Dear Yoga Garden SF Family,
The staff of Yoga Garden has spent this past week listening, learning, reflecting, and conducting important and challenging conversations about racism in our lives, community and society. We have intentionally refrained from making statements other than support for the Black Lives Matter movement, to make space and amplify those who are better qualified to speak now. However, Yoga Garden is a community with a mission for education and personal practice–action, so it is time to say more.
We at Yoga Garden strive to be the type of business that stands for personal and collective growth and feel the importance of using our platform to contribute to and uplift our community, through our willingness to be humble, to take a stand and to manifest change. We regret that it has taken a string of tragedies on top of centuries of injustice to prompt us to take this stand. To our BIPOC community members and educators, we hope this is not too little too late towards accountability of any harm that has already been experienced. Unconscious micro aggressions do exist and we strive to do better.
First, we deplore all forms of racism—whether it is manifested in overt acts of violence as we witnessed in the murders of George Floyd, Breonna Taylor, Ahmaud Arbery and countless other men, women, queer, trans and disabled in the US, or that it is unconscious participation in structures that reinforce exclusion and oppression. We are striving to be accomplices to those who in many different ways are working for change—whether it is in the streets, in the halls of Congress, around kitchen tables or in board rooms of large and small businesses.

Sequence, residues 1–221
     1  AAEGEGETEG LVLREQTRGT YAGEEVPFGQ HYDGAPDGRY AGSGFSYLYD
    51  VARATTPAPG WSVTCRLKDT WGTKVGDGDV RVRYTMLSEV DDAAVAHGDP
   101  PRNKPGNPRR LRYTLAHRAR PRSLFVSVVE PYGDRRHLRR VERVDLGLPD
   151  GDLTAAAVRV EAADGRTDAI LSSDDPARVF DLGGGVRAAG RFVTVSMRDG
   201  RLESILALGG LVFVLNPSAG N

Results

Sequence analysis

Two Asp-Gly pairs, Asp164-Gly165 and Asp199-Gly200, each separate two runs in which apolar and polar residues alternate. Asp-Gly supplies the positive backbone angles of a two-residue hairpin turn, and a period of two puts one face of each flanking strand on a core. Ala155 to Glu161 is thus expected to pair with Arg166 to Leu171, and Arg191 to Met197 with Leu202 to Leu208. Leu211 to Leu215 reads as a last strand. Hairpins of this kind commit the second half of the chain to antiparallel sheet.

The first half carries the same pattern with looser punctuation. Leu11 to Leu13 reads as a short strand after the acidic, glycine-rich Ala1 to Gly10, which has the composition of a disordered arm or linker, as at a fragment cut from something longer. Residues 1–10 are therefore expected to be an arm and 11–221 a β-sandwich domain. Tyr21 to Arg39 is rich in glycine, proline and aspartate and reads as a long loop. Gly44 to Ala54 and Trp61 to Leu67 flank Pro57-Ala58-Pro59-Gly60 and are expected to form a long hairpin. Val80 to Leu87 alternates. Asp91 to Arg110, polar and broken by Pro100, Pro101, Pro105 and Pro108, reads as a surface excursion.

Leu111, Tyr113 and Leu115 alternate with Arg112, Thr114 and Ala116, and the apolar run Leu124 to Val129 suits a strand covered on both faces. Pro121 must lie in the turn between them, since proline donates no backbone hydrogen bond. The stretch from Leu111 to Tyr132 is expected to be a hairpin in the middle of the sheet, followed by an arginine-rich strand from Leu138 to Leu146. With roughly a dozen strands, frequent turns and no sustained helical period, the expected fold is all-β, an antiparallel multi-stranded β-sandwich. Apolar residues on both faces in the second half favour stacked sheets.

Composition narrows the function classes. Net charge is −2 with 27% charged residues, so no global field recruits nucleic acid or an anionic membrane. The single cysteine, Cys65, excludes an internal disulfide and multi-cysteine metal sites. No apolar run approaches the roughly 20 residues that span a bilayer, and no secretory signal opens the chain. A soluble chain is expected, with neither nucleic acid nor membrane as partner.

Second, we know that what has to change is not going to come easily nor quickly. We are not going to rush our response today at the expense of meaningful study, reflection, planning and resourcing. The biases that we participate in are reflections of the communities and industry in which we are embedded, and to change this will take sustained and concerted action. We will undoubtedly make mistakes along the way, and want to be held accountable for our efforts. This is a systems problem and we are committed to investigating and rooting out the ways we contribute to systems of oppression.
Third, because we are an educational enterprise, we will ensure that our staff and instructors are educated in and sensitive to the experience of BIPOC in our classes and programs and that we are providing inclusive and safer spaces for our programs and employment opportunities. We will examine how our public instructional programming can be effectively enhanced to address the biases that reinforce structural racism and oppression, and implement changes where necessary. Immediately, we are establishing six yoga teacher training scholarships per year for black or indigenous persons of color. In addition, some of our instructors are leading benefit classes in the next couple of weeks to raise funds for the Loveland Foundation, with a goal of $1,200 for therapy support for girls and women of color.
Yoga Garden understands its responsibility and we will be a part of the change–today and everyday until our work is accomplished. Until then, we stand in solidarity with those impacted by systemic racism and violence, and those fighting against it.
David J. Nelson
Owner, Yoga Garden SF